World Nuclear Association Symposium – September 10th 2015

We are gathered here this morning outside your annual nuclear industry jamboree to warn you to turn back. You are going the wrong way. They may feed you a good lunch here, no expense spared, but they will feed you a tissue of lies as well, and plant cancers deep in your, your children’s and others tissues..
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First off, your nuclear power plants are no longer needed. Surplus to requirements, not fit for purpose, prohibitively expensive and full of unnecessary risk, your last-century technology is being rapidly overtaken by cheaper, cleaner solar, wind and tidal power sources. Renewables are winning out in the market place due to their lower costs, quicker construction times, and lack of dangerous by-products and waste. Energy efficiency programs are working and causing electricity demand to remain stable and even fall in some regions, and despite decades of effort nuclear waste remains an intractable problem. And Fukushima fallout, both political and physical, is casting a pall over your industry.
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In the few places where nuclear power stations are being built, out there in the unreliable third world dictatorships like Vietnam, China and Dubai that you’ve managed to bring on board, the plants are over budget and behind schedule. Even plants whose capital costs have already been paid off, in the USA, are having to close due to being undercut by renewables and gas. So the feature meant to be the justification for nuclear, that it was so cheap, too cheap to meter, is turning out to be its achilles heel. Low operating and maintenance costs are turning out to be unmanageably high.
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So we endlessly hear repetition of your only remaining argument; that nuclear provides reliable base-line power. Which a report last week from the International Energy Agency actually undermined. The report, titled Projected Costs of Generating Electricity, talks of nuclear as “an attractive low-carbon technology in the absence of cost overruns and with low financing costs”. Maybe, but cost overruns and high financing costs are what we actually have. Not to mention costs of clean-up after severe accidents, an insecure cost idea of waste management, and a preferential liability capping scheme with government back-up. If not insured by the State, your plants would need something like £200 MWh to pay for themselves, as against on-shore wind costs of £80 MWh.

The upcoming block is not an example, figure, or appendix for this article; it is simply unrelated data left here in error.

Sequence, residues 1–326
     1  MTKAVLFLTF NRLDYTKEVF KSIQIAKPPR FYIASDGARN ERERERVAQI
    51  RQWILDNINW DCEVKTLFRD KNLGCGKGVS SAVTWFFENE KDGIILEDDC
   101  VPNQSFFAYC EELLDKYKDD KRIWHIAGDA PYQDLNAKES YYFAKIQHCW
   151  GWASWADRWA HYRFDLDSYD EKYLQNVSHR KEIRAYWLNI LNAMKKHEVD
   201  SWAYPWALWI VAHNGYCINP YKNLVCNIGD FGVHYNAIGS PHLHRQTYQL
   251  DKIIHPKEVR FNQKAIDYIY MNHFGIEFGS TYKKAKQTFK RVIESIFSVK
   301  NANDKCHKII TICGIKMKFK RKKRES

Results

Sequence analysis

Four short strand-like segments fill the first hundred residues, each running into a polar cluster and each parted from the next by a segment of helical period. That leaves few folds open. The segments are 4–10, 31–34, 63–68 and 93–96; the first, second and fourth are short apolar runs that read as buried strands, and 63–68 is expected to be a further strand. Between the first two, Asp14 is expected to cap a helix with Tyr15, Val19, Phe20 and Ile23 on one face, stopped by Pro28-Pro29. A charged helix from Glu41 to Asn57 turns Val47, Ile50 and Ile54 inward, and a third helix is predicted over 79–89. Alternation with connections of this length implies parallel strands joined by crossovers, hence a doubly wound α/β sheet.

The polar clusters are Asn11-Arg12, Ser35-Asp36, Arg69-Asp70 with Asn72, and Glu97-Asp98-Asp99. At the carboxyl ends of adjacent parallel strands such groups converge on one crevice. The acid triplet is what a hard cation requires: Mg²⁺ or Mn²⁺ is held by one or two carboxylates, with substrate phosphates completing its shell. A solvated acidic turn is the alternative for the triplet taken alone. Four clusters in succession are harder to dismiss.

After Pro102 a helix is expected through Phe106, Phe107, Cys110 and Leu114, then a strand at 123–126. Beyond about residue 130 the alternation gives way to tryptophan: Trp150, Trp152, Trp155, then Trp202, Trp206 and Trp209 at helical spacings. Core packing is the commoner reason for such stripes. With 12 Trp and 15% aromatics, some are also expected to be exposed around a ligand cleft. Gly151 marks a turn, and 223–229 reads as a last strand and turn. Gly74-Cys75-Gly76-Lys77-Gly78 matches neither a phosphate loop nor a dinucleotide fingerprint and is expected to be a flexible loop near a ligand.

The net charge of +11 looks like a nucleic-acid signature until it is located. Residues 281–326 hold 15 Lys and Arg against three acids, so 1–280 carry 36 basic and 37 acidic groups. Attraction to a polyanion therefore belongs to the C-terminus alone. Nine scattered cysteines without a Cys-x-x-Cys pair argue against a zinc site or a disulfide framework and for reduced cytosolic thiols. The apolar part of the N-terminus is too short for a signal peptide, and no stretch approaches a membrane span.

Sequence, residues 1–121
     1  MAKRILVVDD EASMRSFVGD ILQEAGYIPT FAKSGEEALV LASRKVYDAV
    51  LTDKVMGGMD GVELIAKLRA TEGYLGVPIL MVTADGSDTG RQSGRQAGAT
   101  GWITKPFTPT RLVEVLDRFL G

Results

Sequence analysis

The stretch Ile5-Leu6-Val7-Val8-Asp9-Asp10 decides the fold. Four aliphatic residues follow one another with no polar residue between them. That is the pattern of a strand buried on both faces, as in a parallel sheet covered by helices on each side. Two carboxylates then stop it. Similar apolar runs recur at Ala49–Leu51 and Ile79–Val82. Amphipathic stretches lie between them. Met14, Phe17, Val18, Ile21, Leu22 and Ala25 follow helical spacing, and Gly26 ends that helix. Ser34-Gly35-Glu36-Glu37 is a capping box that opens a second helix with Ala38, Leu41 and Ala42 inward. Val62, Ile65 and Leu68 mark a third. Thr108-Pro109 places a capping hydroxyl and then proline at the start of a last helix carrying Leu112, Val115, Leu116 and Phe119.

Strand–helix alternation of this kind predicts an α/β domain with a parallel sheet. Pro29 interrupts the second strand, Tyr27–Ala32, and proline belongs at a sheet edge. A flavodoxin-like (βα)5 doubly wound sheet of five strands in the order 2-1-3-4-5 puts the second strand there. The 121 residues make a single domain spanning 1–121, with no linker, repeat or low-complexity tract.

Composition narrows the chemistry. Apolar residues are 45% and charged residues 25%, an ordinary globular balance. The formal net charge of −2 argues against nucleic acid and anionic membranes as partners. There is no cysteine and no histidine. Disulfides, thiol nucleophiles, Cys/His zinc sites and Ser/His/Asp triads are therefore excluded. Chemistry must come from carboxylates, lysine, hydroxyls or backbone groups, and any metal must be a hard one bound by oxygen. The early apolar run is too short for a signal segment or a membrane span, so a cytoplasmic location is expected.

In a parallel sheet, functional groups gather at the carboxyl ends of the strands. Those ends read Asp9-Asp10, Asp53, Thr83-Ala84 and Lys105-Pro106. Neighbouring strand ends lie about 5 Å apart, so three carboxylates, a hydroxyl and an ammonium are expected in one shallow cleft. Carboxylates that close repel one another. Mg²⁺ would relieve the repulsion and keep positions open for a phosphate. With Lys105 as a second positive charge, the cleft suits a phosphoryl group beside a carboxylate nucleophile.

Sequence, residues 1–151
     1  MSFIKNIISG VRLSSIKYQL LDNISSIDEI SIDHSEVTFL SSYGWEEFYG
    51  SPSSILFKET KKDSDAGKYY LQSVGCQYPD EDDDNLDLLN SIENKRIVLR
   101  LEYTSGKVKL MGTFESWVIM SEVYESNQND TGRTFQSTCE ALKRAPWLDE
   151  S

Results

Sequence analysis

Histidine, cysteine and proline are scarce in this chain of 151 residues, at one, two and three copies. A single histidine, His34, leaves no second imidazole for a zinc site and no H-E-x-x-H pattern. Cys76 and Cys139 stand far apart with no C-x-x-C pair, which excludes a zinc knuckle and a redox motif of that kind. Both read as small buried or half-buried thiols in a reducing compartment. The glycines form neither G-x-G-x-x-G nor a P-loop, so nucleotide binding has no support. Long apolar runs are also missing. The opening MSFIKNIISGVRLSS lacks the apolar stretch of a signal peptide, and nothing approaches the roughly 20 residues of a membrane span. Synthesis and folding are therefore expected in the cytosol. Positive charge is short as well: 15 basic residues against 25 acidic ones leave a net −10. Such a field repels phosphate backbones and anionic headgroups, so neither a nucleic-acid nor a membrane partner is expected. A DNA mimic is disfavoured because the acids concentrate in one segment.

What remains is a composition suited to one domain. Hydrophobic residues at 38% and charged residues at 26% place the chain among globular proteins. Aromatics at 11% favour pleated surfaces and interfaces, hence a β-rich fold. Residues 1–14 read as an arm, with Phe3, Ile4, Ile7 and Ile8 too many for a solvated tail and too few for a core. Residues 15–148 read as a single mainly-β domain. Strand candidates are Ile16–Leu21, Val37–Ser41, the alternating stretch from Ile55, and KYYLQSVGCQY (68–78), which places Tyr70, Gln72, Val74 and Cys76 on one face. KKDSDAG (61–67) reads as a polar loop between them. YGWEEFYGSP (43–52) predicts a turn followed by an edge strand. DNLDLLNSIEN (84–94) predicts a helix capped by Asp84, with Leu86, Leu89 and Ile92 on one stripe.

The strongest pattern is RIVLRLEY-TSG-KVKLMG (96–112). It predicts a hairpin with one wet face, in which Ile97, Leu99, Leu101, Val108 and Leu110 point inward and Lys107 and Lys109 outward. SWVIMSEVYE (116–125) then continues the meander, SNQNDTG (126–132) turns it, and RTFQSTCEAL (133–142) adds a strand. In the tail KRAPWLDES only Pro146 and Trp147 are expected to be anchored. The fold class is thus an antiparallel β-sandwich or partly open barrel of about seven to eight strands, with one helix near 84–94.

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Actually, the National Grid said recently that nuclear makes grid reliability more difficult to achieve, as they have to keep huge capacity in reserve to deal with a nuclear plant suddenly and without warning going off line, due to jellyfish, fire or some other incident. At least with wind you can predict when the wind is not going to blow. With nuclear you are on a knife edge all the time. Anyway, wind is getting to 50% capacity factor, while nuclear is about 82%. Catching up… Tides are pretty predictable, reliable and baseloadish..
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Maybe this explains why in 2014, China spent about $9 billion on nuclear, and $83 billion on wind and solar. Its non-hydro renewable energy fleet produced more electricity than nuclear that year, as did Germany, Japan, Brazil, India, Holland, Mexico and Spain. EDF is demanding yet another tariff increase to stay afloat, and just had to buy Areva to stop it going broke. Sweden is shutting down four nuclear stations, the USA shut five last year and is thinking of shutting 5 more. No single Generation 3 reactor has come into operation in the last 20 years, and all being built are over-budget and late. The average age of the world’s nuclear fleet is 28.8 years, with a third of US reactors over 40 years old.
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As for the promised new reactor for the UK, at Hinkley Point, things look equally bleak. Areva used the wrong metal for the RPV cap and base for the French example, and has destroyed the one already built for Hinkley to test the metals composition. Too much carbon, resulting in too brittle a metal, which would not resist cracks spreading when they start. Which they will; 11,000 cracks were recently found in two of Belgium’s old reactors. Other problems have been found in the safety valves for the EPR, an appeal against the dodgy subsidy for Hinkley will take years to resolve, and no investment has been found from Gulf States for the project, so the only investors would be the French and Chinese states. Costs are now triple the original guesstimate. Even HSBC ‘sees ample reason for the government to either delay or cancel the project’, they said last week. The bank, which previously acted as advisor on the project, warned that the deal between EDF and the UK government ‘was becoming harder to justify’.
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As for the promised jobs to be created by nuclear, Germany lost 30,000 by exiting nuclear, but created 350,000 more in the renewable industry. Jobs free of the stink of being an off-shoot of the drive to build nuclear bombs and incinerate your fellow humans.
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